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October 24, 2006 > Flu Season is Upon Us Protect Yourself

Flu Season is Upon Us Protect Yourself

Flu Shots Available in Late October

by Washington Hospital

There are a great deal of old wives’ tales out there about what we should and shouldn’t do to prevent getting sick. Don’t let yourself become victim to the one about the flu vaccine.

According to Dr. Clair Segui, a family practice physician at Washington Clinic/Newark, a common misconception about the flu vaccine is that it simply doesn’t work. This, she says, couldn’t be more false.


“There is a myth that the flu shot does not work, but scientific studies show that it’s effective within the range of 70 to 90 percent,” Dr. Segui explains.


“The three top viruses are in the vaccine, but there are hundreds of other viruses that may cause flu-like symptoms.”


Each year, Dr. Segui says, the Centers for Disease Control and Prevention (CDC) performs a study to identify the major viruses that will most likely cause the flu.


“Every year, the strains of the virus change,” she says. “There are hundreds of different kinds of flu virus, and the CDC does studies to check which viruses are prevalent each year.”


Another common misinterpretation is that you are immune to the flu immediately upon receiving a vaccination, according to Dr. Segui. In reality the flu shot causes antibodies to begin to develop and it may take up to two weeks before the antibodies have developed enough to protect against the flu. This is why it’s important to get the flu shot at the beginning of the flu season before you’ve had a chance to acquire the virus. The flu season usually begins in October and peaks in November or December. Dr. Segui recommends that people receive a flu shot in October.


“The vaccine’s efficacy lasts for the whole flu season,” Dr. Segui says. “Once you produce the particular antibodies for the current year, you should be protected for that season.”


There are two different means of receiving the flu vaccine. The most common is through injection of the vaccine, which contains killed viruses. The flu shot is expected to be available at all the Washington Clinic sites in Fremont, Newark, Warm Springs, and Union City beginning later this month. According to Dr. Segui, so far this year there has been no indication of a shortage that would cause the federal government to limit who can receive the vaccine.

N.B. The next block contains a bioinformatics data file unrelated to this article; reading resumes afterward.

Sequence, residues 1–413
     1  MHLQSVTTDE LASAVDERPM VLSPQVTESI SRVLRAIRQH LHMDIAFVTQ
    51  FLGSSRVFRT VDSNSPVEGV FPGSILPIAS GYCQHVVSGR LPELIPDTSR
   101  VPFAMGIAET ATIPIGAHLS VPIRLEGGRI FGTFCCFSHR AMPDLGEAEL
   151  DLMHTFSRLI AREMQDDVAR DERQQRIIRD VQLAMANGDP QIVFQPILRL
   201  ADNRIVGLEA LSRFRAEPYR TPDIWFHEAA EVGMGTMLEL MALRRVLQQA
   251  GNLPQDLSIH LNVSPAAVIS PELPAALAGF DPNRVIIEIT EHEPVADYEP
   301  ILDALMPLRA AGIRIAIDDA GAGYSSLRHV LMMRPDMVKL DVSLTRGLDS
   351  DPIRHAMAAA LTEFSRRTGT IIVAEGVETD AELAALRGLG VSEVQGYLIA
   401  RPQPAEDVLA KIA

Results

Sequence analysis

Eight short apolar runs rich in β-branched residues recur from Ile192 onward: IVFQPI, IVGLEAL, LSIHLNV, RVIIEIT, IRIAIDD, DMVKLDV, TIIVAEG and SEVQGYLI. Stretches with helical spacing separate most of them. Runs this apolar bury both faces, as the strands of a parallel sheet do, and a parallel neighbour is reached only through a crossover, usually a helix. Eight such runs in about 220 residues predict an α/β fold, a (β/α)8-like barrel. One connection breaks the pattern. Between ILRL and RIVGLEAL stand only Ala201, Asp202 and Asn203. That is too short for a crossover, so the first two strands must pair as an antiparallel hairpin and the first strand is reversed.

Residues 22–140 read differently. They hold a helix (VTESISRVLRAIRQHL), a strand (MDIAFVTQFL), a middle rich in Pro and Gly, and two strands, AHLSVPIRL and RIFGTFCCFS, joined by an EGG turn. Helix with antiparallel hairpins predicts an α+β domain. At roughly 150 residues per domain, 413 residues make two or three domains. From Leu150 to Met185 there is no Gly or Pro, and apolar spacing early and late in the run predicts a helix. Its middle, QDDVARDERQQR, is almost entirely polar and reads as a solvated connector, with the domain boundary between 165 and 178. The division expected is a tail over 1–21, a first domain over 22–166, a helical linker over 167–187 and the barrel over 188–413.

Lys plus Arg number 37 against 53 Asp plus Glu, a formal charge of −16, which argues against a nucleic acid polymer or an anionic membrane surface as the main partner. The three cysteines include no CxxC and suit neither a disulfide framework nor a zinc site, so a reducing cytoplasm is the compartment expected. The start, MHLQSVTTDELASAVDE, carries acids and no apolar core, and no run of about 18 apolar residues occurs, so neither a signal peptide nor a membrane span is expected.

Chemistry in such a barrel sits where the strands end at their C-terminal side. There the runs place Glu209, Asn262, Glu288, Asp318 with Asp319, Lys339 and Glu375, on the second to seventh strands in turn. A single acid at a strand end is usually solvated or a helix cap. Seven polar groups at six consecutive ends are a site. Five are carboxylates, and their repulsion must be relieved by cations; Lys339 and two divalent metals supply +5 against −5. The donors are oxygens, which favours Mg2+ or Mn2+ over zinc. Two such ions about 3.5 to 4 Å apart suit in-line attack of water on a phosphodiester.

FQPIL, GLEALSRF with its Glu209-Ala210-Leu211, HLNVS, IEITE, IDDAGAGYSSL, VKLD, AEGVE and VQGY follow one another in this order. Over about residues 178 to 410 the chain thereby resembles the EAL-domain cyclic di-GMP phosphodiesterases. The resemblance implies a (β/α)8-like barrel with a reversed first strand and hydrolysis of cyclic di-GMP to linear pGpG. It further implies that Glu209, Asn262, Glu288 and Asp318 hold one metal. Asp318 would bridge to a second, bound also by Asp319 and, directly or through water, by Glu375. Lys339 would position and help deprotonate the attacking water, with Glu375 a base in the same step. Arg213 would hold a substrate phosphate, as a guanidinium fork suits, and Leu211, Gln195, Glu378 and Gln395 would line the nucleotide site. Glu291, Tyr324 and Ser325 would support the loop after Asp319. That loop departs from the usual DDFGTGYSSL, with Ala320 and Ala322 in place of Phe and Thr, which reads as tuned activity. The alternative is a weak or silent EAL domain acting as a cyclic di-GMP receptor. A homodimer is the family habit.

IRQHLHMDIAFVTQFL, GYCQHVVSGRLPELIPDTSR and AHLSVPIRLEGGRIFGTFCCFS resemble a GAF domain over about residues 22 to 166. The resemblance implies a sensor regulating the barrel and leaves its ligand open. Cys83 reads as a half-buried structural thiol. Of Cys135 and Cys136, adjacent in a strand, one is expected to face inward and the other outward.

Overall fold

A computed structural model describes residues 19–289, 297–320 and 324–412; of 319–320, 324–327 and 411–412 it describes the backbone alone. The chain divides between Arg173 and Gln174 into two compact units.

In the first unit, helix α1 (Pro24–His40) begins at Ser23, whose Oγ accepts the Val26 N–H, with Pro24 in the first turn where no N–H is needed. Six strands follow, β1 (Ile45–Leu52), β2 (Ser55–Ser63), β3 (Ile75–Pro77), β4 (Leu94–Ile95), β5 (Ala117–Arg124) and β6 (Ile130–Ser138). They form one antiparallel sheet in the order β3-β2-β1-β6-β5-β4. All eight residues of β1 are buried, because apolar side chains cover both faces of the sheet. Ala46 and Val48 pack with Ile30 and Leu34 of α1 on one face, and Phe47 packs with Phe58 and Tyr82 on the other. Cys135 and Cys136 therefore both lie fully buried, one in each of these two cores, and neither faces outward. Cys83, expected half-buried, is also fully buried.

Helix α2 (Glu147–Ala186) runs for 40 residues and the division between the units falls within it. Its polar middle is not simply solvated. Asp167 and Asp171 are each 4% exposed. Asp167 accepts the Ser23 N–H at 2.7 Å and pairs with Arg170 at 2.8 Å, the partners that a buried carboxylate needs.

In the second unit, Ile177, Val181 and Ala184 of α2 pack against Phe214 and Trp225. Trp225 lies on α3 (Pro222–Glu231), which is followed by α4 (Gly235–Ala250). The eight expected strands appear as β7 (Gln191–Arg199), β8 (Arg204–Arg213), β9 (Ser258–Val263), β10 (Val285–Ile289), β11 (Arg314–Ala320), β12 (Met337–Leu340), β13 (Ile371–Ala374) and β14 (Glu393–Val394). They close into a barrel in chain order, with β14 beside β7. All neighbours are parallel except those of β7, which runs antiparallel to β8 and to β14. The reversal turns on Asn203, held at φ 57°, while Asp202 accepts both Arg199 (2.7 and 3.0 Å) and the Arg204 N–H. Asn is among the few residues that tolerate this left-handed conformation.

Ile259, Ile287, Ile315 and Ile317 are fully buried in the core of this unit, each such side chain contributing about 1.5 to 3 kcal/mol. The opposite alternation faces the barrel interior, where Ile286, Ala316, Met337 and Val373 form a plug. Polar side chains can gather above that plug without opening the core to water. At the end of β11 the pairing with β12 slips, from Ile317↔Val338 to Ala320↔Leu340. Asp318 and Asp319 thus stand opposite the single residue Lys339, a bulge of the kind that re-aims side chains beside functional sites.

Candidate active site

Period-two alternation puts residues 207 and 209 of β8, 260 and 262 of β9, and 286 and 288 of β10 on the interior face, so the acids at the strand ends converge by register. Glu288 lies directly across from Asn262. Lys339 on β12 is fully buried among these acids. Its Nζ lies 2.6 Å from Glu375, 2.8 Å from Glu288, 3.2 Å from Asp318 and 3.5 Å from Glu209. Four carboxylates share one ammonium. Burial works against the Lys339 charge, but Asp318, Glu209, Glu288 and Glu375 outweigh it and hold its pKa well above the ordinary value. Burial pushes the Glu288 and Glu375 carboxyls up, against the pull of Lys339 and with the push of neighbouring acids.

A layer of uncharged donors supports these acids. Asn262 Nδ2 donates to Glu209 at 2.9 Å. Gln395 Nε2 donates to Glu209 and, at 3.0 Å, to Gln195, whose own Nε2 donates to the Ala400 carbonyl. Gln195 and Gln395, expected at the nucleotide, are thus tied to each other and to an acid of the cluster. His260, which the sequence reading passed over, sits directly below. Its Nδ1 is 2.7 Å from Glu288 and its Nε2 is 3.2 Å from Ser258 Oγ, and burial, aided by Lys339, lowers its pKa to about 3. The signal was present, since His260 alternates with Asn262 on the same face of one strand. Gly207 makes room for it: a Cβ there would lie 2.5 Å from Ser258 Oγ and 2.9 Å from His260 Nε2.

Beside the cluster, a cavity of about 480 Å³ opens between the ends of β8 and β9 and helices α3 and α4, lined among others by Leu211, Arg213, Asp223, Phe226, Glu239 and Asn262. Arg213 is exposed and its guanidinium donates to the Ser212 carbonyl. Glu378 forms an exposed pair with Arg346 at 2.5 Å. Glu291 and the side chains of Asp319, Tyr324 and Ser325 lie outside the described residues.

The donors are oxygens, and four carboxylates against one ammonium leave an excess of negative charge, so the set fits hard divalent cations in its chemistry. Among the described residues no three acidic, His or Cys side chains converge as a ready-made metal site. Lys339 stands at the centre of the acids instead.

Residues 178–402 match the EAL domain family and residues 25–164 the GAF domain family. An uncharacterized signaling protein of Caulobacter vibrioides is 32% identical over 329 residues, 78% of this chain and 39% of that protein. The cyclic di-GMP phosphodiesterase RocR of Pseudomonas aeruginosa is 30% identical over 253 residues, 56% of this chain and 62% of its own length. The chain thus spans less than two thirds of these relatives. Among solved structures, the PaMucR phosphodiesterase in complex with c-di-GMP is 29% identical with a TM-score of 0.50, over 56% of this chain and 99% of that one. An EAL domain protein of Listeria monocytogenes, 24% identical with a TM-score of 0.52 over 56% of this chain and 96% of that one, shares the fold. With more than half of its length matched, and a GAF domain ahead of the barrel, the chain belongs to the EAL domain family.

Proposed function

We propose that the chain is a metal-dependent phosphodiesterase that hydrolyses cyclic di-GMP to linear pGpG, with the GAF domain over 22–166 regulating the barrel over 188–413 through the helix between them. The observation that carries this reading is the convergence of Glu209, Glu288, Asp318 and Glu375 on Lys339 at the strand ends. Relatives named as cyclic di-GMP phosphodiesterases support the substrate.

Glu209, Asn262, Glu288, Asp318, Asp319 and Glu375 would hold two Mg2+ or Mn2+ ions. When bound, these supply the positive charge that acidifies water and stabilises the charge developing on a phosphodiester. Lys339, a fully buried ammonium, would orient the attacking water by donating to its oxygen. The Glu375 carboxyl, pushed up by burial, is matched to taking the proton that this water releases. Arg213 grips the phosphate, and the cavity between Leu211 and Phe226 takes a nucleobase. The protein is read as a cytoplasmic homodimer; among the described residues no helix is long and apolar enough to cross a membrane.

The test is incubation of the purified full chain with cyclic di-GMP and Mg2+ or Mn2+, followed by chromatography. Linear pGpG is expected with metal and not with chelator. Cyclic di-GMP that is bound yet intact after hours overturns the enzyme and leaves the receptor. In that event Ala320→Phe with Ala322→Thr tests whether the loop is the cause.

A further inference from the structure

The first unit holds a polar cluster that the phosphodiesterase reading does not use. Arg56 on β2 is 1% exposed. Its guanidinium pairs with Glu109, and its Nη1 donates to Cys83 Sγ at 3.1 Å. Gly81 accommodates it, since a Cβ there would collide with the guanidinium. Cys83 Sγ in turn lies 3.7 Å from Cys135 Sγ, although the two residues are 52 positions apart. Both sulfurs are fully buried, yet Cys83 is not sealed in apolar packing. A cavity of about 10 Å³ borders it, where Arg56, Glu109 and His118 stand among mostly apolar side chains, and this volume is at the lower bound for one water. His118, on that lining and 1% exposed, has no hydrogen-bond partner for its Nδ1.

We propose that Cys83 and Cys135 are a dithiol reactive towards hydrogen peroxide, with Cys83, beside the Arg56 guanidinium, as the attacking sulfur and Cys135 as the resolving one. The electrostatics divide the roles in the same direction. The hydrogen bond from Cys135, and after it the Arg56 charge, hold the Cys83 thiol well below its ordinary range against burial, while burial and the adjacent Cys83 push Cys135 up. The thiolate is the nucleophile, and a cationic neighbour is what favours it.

There is also a nasal spray form of the vaccine, which is available in retail pharmacies and grocery store settings. This form of the vaccine contains a live, weakened form of the flu viruses, and therefore may only be given to healthy individuals between the ages of 5 and 49 years old who are not pregnant.


There are certain high risk groups for whom receiving the vaccine is especially important. Likewise, there are certain groups that should not receive the vaccine.


High risk groups that should receive the vaccine include:



  • People over the age of 50

  • Infants and children between the ages of 6 months and 5 years old

  • Health care workers

  • Individuals with chronic illnesses or compromised immune systems and their caretakers

  • Elderly in nursing homes


Those who should not receive the vaccine include:
    Infants less than 6 months of age
  • Moderately to severely ill individuals suffering from high-grade fever

  • Those with an allergy to eggs

  • Those who have had a previous reaction to flu shot

  • Individuals with a history of Guillain-Barré Syndrome (GBS), an acute disease of the peripheral nervous system in which the nerves in the arms and legs become inflamed and stop working


Symptoms of the flu are many times confused with the common cold, its less virulent cousin, but the flu stands outs in its rapid onset and severity.

“The flu is transmitted person to person by coughing, sneezing or touching something containing the flu virus,” Dr. Segui says. “A person is infectious even one day before the symptoms develop and up to five days after.


Symptoms can include low-grade fever, dry cough, sore throat, stuffy nose and body aches. The flu comes on suddenly. Unlike the common cold, the flu hits you like a brick wall.”


Fortunately, if you are unlucky enough to contract the flu, there are some options to help protect others and potentially shorten your own suffering. Within the first 48 hours, if you are reasonably sure you have the flu, Dr. Segui recommends visiting a clinic or your doctor’s office to receive a prescription anti-viral medication that will work to reduce the number of days you are sick. She cautions that it must be given within 48 hours of getting sick.


If you do get sick, she says: “Stay home from work or school, avoid doing any errands to prevent other people from getting the flu. Clean your hands, avoid touching your hands, nose and mouth – for the sake of protecting other people.”


Dr. Segui says some people who have never had the flu don’t think it’s a serious disease, when in fact the flu can have serious risks, including pneumonia or pneumonia-related complications, other types of upper-respiratory infections and even death. Most of those who die from flu-related complications are 65 years and older.


“I would suggest that everybody get the flu vaccine that can get it,” Dr. Segui says.


To learn more about Washington Hospital’s facilities, visit www.whhs.com and click on “Our Facilities.”


Get a Flu Shot Now!


To make an appointment to receive your flu shot, call the clinic closest to you: Washington Clinic/Newark: (510) 797-7535 Washington Clinic/Warm Springs: (510) 651-2371 or (408) 946-6443 Nakamura Clinic, Union City: (510) 487-6000


(Washington Clinic/Fremont is a walk-in only urgent care clinic located on the second floor of the Washington West building at 2500 Mowry Ave.)
 
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